Newsroom for a New Age:
Managing the Virtual Newsroom
Many of the newspapers worldwide that have launched news Web sites have created separate newsrooms for their online products.1 The advantages of maintaining a separate new media staff include creating a mechanism to generate original news reporting for online publication. In some cases, newspapers that have not set up a separate new media staff have put incredible demands on their reporters, who must now report for both the newspaper and online. People are putting in sixteen-to twenty-hour days and getting burned out.
In the case of the Wall Street Journal Interactive Edition, one of the most successful online news efforts to date (at least as measured by the number of paid subscribers: more than three hundred thousand as of February 2000), success has been achieved at least in part by integrating the online and print staff. The forty editors, reporters, and artists are “smack in the middle of the national newsroom,” notes Rich Jaroslovsky, managing editor of the Wall Street Journal Interactive Edition.2 They sit back-to-back with the print team.3 “My geographic position is one that I cherish,” Jaroslovsky observed during the “Online News Summit” held in New York City in September 1997.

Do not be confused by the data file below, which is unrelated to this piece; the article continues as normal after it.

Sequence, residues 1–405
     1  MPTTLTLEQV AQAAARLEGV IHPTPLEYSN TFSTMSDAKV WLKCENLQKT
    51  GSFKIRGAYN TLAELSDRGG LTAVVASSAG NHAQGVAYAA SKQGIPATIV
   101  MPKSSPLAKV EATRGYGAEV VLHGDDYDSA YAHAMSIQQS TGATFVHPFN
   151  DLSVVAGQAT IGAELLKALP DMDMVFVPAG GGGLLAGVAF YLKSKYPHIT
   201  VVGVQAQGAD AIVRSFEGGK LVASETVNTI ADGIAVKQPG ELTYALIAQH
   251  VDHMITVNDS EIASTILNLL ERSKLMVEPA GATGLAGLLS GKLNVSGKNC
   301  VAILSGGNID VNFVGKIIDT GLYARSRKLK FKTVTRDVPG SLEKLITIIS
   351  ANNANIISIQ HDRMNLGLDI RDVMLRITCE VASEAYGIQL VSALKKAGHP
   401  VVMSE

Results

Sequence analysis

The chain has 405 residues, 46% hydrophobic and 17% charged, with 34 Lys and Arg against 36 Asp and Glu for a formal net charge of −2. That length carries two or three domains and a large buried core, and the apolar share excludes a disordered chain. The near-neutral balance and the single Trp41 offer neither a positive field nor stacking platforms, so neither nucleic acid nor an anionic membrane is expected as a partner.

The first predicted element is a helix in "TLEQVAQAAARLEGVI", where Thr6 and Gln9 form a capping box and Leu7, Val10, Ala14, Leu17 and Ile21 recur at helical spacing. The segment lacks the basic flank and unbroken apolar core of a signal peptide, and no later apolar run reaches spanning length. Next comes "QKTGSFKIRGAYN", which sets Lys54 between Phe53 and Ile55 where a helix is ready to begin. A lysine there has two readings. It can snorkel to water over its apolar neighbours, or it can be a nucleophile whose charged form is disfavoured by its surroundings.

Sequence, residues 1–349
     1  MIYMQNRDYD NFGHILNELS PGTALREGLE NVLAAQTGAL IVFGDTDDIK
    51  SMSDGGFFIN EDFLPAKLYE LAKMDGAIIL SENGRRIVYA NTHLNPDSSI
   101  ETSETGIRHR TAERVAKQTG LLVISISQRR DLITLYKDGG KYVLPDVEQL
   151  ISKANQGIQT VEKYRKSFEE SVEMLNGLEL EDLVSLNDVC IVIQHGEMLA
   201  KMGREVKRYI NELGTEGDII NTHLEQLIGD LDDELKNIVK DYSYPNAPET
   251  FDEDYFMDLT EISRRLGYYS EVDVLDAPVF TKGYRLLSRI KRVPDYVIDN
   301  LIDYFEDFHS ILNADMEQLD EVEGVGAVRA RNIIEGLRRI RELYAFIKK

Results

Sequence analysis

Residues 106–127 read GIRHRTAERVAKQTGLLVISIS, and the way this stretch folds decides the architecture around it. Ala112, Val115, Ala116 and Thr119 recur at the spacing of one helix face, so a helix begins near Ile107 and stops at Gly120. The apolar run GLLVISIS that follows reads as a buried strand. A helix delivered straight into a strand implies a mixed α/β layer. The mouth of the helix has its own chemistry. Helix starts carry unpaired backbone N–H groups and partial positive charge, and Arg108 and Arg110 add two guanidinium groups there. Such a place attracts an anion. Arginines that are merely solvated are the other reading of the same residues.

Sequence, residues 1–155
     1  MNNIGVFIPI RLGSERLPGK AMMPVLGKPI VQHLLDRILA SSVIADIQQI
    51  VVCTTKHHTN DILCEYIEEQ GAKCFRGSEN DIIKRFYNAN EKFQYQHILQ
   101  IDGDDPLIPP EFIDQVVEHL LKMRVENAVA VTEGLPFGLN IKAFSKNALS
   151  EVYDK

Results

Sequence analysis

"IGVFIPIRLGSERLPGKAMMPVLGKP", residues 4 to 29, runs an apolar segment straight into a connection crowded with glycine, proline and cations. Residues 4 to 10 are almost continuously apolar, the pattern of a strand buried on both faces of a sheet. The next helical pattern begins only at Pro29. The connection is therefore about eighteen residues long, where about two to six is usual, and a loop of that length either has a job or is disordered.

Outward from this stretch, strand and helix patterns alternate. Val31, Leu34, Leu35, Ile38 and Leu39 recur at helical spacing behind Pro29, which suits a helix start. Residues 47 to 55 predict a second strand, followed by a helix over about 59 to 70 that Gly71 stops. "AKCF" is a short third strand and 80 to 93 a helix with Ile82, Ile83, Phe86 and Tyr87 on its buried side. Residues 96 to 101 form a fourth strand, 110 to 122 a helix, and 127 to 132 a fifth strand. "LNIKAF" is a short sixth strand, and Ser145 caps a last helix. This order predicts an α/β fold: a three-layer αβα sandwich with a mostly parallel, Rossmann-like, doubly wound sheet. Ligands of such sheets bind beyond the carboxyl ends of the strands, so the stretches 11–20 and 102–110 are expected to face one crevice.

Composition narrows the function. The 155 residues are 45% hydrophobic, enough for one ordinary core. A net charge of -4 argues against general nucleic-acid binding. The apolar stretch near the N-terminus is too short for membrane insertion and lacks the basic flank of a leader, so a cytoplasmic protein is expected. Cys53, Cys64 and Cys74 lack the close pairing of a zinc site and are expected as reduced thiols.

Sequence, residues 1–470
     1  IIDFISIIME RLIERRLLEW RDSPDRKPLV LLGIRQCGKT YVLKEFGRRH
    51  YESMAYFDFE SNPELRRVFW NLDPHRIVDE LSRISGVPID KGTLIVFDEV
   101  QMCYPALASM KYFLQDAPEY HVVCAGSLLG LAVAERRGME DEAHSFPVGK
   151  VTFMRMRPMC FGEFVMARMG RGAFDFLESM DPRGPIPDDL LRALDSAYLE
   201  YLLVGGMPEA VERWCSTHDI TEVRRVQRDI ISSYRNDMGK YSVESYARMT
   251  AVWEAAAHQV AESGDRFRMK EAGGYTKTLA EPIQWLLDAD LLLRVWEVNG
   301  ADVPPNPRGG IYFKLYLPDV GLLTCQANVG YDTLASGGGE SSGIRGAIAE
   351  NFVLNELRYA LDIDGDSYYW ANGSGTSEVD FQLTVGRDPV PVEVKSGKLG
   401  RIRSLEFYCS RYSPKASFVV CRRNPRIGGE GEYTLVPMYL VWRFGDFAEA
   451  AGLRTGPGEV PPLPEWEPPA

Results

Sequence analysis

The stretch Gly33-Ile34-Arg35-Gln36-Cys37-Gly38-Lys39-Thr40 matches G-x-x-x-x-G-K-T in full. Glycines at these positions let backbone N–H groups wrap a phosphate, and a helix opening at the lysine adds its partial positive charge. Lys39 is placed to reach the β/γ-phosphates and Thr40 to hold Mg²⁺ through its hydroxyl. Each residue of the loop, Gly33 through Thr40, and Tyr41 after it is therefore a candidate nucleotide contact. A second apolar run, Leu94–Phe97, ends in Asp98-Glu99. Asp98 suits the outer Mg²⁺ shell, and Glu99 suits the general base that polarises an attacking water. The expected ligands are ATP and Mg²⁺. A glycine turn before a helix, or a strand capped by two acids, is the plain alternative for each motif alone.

It is important to get print reporters more involved in the online arena, even if they don't actually report for the online product. Until recently, a surprisingly high number of print and electronic (i.e., broadcast) reporters working even for large news organizations still did not have Internet access from their office workstations. The annual Middleberg/Ross “Media in Cyberspace” study showed that in 1997 almost half of reporters did not have